To help improve British soils, a system akin to traffic lights and an MOT is in development as part of an Agriculture and Horticulture Development Board (AHDB) research partnership
Using a red, amber and green graded framework to monitor soil-health indicators, a scorecard is being trialled at six long-term research farms across Britain. Results in red need growers to stop and investigate, while green means continue to monitor.
A simpler soil MOT is being trialled and validated, to guide farmers and growers as they check their land. It provides a guide to carry out nutrient analysis, an earthworm count and a visual evaluation, while measuring soil pH levels as well as organic matter content. They can then understand whether their soil is healthy and what work needs to be done.
The two-part system draws on more than 30 years’ of insight. However, it takes up to 100 years to form just two to three centimetres of soil, with Britain having more than 700 different soil types, home to 27 species of earthworm.
AHDB Resource Management Scientist Amanda Bennett, said: “Britain’s soil is the food production engine to fuel our growing population. However, it needs nutrients and maintenance to keep it running well. That’s difficult when there are so many different soil-types and conditions across the country – knowing what supports growth and keeps the land healthy becomes more of a challenge.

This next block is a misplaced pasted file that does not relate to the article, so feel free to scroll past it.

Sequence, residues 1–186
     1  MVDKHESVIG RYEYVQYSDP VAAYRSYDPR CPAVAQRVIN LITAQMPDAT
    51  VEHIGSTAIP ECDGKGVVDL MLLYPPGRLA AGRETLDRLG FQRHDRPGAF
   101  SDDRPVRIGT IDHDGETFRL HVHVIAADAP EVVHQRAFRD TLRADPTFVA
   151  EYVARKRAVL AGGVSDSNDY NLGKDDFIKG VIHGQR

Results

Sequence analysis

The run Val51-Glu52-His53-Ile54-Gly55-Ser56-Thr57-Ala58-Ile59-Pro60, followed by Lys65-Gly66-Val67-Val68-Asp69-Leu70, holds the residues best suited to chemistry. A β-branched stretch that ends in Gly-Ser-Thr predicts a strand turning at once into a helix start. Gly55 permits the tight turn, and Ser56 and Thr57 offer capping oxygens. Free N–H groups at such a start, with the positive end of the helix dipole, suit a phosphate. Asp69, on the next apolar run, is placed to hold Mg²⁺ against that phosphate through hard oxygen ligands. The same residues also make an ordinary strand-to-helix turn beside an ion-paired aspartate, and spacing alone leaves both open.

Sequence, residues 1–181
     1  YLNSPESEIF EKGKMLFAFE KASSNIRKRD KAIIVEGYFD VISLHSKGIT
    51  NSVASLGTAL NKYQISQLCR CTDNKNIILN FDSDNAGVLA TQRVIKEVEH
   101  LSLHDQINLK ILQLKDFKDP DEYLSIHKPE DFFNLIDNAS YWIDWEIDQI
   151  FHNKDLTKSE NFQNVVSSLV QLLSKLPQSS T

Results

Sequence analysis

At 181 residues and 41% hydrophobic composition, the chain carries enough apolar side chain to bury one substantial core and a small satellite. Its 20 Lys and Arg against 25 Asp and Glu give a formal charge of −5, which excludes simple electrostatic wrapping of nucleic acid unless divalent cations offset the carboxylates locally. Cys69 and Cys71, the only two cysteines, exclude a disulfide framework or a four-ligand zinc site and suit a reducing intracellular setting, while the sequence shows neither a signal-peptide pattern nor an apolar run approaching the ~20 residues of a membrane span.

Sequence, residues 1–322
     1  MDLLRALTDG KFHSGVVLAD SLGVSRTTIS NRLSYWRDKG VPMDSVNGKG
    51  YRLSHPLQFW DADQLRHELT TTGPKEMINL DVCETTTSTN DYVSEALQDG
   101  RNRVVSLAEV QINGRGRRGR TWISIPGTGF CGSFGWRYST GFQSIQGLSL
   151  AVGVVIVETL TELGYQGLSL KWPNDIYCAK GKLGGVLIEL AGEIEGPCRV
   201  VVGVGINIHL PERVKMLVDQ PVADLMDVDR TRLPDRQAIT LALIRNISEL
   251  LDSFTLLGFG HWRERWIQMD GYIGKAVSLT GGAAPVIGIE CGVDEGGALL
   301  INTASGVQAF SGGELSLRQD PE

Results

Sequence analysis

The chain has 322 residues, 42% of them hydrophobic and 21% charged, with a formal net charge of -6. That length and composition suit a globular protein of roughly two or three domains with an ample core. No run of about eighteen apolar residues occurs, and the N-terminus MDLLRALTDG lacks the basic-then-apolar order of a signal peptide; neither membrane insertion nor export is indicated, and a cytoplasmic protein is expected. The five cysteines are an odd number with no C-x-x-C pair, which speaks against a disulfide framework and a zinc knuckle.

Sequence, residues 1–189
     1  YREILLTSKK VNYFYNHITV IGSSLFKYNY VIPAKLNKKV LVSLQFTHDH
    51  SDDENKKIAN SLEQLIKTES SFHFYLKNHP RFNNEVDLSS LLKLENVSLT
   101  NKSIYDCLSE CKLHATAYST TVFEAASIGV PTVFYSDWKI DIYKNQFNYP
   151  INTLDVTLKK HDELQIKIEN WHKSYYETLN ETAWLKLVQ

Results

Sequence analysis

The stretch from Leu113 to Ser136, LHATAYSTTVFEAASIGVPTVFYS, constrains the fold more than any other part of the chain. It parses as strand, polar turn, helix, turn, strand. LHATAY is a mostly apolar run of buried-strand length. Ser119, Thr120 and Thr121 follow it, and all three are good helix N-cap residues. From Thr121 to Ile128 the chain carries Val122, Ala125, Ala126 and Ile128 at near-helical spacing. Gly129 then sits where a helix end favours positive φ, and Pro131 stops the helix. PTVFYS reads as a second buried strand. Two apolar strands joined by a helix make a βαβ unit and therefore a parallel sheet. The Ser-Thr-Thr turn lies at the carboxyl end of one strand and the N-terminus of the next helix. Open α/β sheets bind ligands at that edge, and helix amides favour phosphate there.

“Just like our transport network, our farmers and growers can be helped by a colour coded system so they have confidence to continue, or know when they need to stop and try a different method. Organic matter is contained within soil and it’s more than half carbon, so carrying out a check similar to an MOT will help farmers to fuel growth, lock-up carbon and protect our environment while they produce food.
“The ultimate goal in developing this is that anyone should be able to follow a simple method to better understand the condition of soils in their fields or even their garden, and identify areas where they can make improvements, if required.”
The work has been carried out as part of the multifaceted GREATSOILS programme where almost £6 million* funding has been already been committed to soil research partnerships.
Amanda added: “Our on-farm research trials, which are developing the information for the soil traffic lights, are currently looking at molecular techniques such as DNA testing to develop increased knowledge of soil biology alongside the more traditional soil health measurements. This a more technical system to help us shape a measurement which farmers and growers can use no matter where they are based.”
The soil MOT will be launched when feedback from farmers and growers has been received, allowing time for crop rotation and treatments to be measured.
To see the latest version of the soil scorecard ‘traffic light’ and to find out how to measure soil organic matter visit the GREATSOILS page: ahdb.org.uk/greatsoils.